This post was produced for the Global Economic Symposium 2013. Read more at http://blog.global-economic-symposium.org/.
“Love doubles every time you give it.”
“What is not given is lost.”
“Money doesn’t buy happiness unless given to others.”
These are the guidelines for a strong economy.
That, according to French biochemist turned Buddhist monk Matthieu Ricard.
He’s no Alan Greenspan, but Ricard was one of the diverse voices the Global Economic Symposium brought together for economic commentary, though Ricard sticks out more than others with his bald head and bright red robes.
So far the conference has failed to birth many agreeable platitudes or solutions. The wide bandwidth of speakers and their over-educated opinions have fostered a wealth of engaging discussion and speeches. But agreement, let alone solutions we can implement, has been harder to find.
In my American impatience, hyperactive since setting foot in Europe, I was waiting for the niceties to die down and the disagreements to give way to answers.
At the GES kickoff, Dennis Snower, President of the Kiel Institute for the World Economy, asserted competition and compassion are incompatible. That set off a firestorm of debate, led by Deutsche Bank co-CEO Jürgen Fitschen, who argued passionately that competition is compassion.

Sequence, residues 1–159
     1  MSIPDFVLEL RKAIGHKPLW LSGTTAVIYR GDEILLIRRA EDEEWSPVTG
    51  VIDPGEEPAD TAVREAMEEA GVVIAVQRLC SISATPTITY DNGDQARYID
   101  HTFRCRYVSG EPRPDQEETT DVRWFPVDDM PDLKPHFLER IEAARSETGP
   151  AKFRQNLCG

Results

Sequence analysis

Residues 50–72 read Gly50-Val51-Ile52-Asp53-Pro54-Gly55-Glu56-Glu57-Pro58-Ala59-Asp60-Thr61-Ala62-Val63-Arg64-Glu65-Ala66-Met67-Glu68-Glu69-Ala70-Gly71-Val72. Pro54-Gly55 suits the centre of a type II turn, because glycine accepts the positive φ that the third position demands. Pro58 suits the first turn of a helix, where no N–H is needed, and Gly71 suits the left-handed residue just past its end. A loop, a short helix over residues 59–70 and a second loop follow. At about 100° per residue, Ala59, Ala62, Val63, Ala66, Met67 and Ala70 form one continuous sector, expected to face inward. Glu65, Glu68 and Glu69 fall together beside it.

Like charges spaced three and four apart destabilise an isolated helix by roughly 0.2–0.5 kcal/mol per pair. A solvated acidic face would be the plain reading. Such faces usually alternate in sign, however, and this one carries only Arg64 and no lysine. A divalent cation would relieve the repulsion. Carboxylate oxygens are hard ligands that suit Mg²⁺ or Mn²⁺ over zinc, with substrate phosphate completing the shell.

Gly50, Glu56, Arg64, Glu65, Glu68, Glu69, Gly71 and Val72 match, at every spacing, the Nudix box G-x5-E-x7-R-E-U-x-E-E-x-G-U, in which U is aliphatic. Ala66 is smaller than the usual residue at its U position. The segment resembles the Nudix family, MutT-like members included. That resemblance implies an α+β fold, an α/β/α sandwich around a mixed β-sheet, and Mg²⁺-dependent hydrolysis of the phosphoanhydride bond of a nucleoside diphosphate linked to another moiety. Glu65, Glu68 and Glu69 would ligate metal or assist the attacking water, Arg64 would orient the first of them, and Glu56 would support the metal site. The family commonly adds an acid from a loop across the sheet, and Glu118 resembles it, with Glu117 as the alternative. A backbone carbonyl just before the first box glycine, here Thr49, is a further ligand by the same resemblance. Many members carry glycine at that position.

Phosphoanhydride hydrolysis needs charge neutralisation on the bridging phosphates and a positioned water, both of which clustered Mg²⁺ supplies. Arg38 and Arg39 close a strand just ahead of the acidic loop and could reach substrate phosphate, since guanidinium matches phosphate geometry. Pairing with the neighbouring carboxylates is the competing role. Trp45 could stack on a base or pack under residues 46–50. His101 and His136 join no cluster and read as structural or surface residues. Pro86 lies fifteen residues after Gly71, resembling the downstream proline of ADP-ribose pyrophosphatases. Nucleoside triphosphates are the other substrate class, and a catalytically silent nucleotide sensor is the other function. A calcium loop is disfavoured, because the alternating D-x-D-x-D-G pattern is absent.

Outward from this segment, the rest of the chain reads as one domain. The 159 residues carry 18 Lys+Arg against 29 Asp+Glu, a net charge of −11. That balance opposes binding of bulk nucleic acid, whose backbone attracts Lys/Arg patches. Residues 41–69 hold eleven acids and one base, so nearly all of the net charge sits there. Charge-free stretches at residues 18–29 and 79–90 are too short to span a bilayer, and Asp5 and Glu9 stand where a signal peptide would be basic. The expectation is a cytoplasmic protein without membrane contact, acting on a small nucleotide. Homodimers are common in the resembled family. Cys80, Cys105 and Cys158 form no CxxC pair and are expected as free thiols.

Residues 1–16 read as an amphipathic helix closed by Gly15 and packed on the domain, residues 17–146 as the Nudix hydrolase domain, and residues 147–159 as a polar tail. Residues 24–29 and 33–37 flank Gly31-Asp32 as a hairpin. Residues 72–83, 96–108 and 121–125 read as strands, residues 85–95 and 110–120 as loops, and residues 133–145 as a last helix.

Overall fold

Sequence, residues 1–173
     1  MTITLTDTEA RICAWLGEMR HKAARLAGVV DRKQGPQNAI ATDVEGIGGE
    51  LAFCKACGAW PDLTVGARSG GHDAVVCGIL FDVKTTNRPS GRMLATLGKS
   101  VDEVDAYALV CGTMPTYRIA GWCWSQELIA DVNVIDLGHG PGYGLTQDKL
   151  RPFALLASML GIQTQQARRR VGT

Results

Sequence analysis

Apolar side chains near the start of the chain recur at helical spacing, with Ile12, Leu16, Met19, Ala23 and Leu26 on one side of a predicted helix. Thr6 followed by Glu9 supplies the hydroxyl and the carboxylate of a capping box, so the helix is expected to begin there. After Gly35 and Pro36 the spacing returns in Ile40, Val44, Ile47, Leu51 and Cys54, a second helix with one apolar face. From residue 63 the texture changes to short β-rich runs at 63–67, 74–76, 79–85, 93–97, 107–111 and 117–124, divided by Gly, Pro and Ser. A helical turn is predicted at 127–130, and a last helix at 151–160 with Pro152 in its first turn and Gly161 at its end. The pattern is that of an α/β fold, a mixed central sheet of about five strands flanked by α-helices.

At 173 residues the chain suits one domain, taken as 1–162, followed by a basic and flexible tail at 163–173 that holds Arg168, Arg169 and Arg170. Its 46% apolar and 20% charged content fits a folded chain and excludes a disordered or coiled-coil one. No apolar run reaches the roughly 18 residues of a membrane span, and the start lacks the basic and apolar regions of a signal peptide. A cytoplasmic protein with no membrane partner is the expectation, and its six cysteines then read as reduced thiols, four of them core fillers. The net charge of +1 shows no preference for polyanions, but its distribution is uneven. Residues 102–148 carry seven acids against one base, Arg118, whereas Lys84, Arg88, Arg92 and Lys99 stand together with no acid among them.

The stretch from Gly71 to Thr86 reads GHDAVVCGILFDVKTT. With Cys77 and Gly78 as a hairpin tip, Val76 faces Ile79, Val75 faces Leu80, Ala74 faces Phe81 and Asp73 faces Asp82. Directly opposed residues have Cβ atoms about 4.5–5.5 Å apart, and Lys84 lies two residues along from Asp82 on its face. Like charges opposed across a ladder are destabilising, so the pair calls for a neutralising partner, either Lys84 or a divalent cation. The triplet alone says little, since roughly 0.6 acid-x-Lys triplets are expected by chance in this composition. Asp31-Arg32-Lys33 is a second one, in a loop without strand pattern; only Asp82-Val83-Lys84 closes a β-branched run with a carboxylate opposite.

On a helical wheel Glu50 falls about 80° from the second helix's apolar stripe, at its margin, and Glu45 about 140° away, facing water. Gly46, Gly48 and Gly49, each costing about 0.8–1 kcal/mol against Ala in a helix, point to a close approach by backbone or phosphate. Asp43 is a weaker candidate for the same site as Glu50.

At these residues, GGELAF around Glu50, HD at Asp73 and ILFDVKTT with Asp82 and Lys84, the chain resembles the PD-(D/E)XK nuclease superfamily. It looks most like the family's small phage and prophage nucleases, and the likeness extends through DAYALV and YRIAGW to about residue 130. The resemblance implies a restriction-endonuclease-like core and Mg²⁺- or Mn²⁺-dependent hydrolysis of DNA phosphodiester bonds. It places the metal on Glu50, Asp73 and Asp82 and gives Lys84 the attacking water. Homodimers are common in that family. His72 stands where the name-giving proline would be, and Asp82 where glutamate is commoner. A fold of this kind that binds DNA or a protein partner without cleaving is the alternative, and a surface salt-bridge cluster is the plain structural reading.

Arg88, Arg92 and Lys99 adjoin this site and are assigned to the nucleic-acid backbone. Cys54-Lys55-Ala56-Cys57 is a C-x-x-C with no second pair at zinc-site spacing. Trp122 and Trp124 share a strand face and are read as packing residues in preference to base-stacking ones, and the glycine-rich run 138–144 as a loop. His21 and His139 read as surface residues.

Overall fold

The evening panel “Can Religion Help Solve Global Problems?” full of men and women who pray to different Gods, agreed compassion was the first and last step. I had finally found palatable agreement with the most diverse group present.
“What you are supposed to find in all religion is infinite love. At least minimal love, so we are not killing each other,” Ricard said.
He and countless others explained that most elements of the current human tradition could be tied to economics. Violence, poverty, promotion of the environment, it is all interconnected in our current economic system. Economics is not a negative word but a tool that can be leveraged to alleviate some human suffering.
So how do we turn love of money into love of our neighbor? And isn’t that a hippy delusion more than an economic possibility?
To build an economic system in which people can trust, it must be inherently human. There must be a human element.
“It’s not Boy Scout nicey nice,” Ricard said, peering over his silver monk frames in between checking texts on his iPhone.
Ricard described self-interest as short-sighted. Of course, he may take the example to the extreme relative to modern norms. Ricard defined the goal of amassing money as a “waste of life,” though his path to happiness is to give “one hundred percent. My balance sheet is clear.”
The business leaders present talked about “culture resets” after the recession and their desire to genuinely become organizations with a human face.
Ricard touched on these same topics, citing Dannon’s charitable efforts as a corporation and companies that focus, in addition to profit, on making a difference through their products or existence.
The unpredictability of the markets and unwieldy, faceless corporations lack a basic human element that could define more trusting, cooperative, and collaborative economic growth.
Dinner moderator Klaus Schäfer, a Lutheran pastor in Germany, asserted, “Trust is not faith; it’s a decision.”
It’s time that economic players at every level choose to trust one another by working purposefully with others in mind.
That’s what led a Buddhist monk wearing crimson robes and très chic French socks with sneakers to tell us all that compassion is the ultimate economic generator.